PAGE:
04/11/2008 12:00AM

One-horse offering quite lucrative


LEXINGTON, Ky. - One big winner at Keeneland's select 2-year-old sale last week was one of its smallest consignors. That was equine dentist Jon Jazdzewski, whose one-horse consignment earned $230,000 for its Cat Dreams filly out of Siphonophora.

That might not sound like much when you compare it with the sale-topping Storm Cat colt's $800,000 price tag. But when you consider that Jazdzewski's filly cost him just $10,000 at the Keeneland September yearling sale last year, Hal Earnhardt's winning bid for the filly - whose sire is a son of Storm Cat - looks very good indeed.

Jazdzewski and two partners - his wife, Patience, and Lexington resident and stay-at-home mother Susan Dare - put up the funds to buy the bay filly with the aim of reselling her at the Keeneland auction. But the filly almost didn't make the cut because Keeneland's selection team wasn't sure her pedigree was fashionable enough.

"Jon had called in to nominate this filly, and, being by Cat Dreams, it was not likely to happen," said Keeneland's deputy sale director, Tom Thornbury.

Thornbury said that Gary Lavin of Keeneland's selection committee "went out to look at the filly, and when he came back, he said, 'She's Storm Cat. She's perfect, she's lovely.' He gave her a top physical grade. So we told Jon we'd take a chance. It worked out beautifully."

Jazdzewski, 38, had pinhooked before on a small scale through Florida-based agent Tony Costanzo. But this time Costanzo was busy at another sale, and so Jazdzewski decided to handle the process himself. He got some help from friends Mike Crowder and Larry de Merrit, who did the initial breaking and training. But when Hip No. 163 arrived on Keeneland's sale grounds in early April, Jazdzewski was in charge by himself.

"But I called Tony about five or six times a day," he said.

Jazdzewski is an experienced horseman. A former bush-track rider from Wisconsin, he now makes his living rasping down the teeth of everything from yearlings to stallions.

"I see a lot of good horses," Jazdzewski said of his day job. "I have a computer in the truck with a [pedigree] CD, and when I see a horse I like, I can look it up and see if they made any money. And I've found that good horses have the same good features time and again."

Jazdzewski has had success before. He bought Never Enough for $3,500 as a yearling before selling her privately for $50,000, and he paid $2,000 for yearling Bohunk, now a stakes-placed earner of more than $95,000.

"Her walk was a big thing," he said of the Cat Dreams filly. "She had that big, fluid walk, and she had a lot of confidence and class."

Medaglia d'Oro colt proves rewarding

Jon Jazdzewski wasn't the only consignor who had a big sale at Keeneland this week.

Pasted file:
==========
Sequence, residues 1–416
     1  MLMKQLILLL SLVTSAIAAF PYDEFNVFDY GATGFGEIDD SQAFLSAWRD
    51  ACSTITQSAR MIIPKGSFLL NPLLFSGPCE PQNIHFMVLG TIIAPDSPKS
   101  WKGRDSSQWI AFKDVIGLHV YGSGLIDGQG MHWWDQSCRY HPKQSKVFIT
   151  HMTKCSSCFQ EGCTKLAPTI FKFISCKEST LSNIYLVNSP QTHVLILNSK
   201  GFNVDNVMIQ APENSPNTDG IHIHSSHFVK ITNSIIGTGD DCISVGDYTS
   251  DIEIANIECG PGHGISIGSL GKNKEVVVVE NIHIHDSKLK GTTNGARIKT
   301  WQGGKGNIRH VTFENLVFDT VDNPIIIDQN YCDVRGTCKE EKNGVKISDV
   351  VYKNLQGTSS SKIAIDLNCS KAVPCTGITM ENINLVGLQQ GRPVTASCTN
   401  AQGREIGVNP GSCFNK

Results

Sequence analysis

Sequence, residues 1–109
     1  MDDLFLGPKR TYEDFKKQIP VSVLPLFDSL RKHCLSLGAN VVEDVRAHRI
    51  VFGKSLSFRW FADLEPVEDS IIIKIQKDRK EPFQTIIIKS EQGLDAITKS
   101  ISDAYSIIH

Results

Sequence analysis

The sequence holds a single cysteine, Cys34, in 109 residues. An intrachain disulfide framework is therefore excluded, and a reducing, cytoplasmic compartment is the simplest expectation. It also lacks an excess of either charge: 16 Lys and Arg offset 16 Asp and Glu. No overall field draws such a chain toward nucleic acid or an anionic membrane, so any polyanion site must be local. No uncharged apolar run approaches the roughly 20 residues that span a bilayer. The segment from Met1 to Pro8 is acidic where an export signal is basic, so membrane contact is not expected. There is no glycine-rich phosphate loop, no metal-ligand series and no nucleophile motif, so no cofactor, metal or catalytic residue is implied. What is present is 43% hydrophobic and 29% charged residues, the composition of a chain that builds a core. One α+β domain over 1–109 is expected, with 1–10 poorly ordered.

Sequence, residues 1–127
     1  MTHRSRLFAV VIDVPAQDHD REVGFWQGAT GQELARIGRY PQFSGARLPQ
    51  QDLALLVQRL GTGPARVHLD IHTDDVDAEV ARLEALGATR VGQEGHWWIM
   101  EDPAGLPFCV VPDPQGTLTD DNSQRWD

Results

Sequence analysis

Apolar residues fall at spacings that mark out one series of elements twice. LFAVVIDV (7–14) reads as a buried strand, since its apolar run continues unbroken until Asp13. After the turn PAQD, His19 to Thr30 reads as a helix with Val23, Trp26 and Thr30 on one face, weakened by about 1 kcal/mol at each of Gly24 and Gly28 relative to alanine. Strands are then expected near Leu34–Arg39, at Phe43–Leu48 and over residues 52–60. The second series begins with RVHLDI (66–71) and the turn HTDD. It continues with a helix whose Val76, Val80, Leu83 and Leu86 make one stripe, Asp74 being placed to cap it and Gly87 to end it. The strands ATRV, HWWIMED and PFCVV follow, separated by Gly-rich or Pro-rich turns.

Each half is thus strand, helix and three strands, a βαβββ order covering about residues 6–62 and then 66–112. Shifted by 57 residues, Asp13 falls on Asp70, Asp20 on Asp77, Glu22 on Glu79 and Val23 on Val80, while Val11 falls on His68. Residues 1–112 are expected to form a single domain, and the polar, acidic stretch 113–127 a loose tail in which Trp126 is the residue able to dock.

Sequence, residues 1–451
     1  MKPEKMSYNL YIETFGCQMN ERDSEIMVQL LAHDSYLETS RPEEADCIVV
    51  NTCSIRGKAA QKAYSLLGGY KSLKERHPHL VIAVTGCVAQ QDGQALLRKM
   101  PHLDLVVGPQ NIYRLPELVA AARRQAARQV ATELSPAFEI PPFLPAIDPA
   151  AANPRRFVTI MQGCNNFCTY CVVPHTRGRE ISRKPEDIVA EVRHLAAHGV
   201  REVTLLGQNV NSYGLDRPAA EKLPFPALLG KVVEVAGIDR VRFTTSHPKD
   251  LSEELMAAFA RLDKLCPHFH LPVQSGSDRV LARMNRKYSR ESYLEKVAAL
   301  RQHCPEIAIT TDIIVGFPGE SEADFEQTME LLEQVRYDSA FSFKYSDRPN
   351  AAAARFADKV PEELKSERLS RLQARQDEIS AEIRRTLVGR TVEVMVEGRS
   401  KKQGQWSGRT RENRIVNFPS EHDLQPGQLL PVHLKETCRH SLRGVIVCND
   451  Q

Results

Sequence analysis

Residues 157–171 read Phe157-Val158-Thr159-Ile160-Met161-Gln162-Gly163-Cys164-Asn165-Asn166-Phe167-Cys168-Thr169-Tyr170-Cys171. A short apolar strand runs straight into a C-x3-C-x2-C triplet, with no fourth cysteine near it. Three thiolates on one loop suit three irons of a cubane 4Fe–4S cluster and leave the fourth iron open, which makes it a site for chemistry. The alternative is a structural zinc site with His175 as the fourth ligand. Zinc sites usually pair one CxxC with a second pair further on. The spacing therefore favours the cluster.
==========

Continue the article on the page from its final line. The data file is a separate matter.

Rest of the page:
Mike Mulligan's Leprechaun Racing agency sold a son of first-crop sire Medaglia d'Oro for $450,000. Clients had purchased him last year for just $25,000 at the Keeneland September auction.

"He was a nice horse," Mulligan said. "When somebody calls and tells you they bought a Medaglia d'Oro for $25,000 at Keeneland, you get a little concerned about what might be wrong. When he got to us, the colt was a tad bit narrow, but he has grown and matured and became a very nice horse. He worked well on the racetrack and was extremely well received here. He got vetted 11 times [on the day of the sale]. I think there were a lot of people who thought they could get him for $100,000 or $150,000."

Offered as Hip No. 77, the dark bay son of the Thunder Gulch mare Viaduct went to Maverick Racing, a partnership associated with WinStar Farm owners Ken Troutt and Bill Casner.

Mulligan declined to identify the colt's sellers but said they were clients of Hidden Brook Farm.

Sale to remember for pinhooker

Longtime yearling-to-juvenile reseller Eddie Woods had a personal-best performance at this auction, selling nine horses for a total of $2,065,000 to rank second behind leading seller Niall Brennan, agent, who consigned 13 for $3,595,000.

Woods sold the auction's top-priced filly, a $625,000 More Than Ready filly out of Riverboat Miss, to Sheikh Mohammed al-Maktoum's representative John Ferguson. That was the only purchase Ferguson made at the auction.

Woods pronounced himself "very happy" with his Keeneland results.

"It's been the same all year," Woods said. "There are still people there for decent horses, and you just can't come with an average product anymore. If you have a good product, there are people to buy it. But below that, forget it."

Woods's results provided a handy illustration of the peaks and valleys in the high-risk juvenile market. He sold nine but bought back five. His average sale price was a healthy $229,444, but the horses who did not reach their reserves went home again on final bids ranging from $7,000 to $100,000.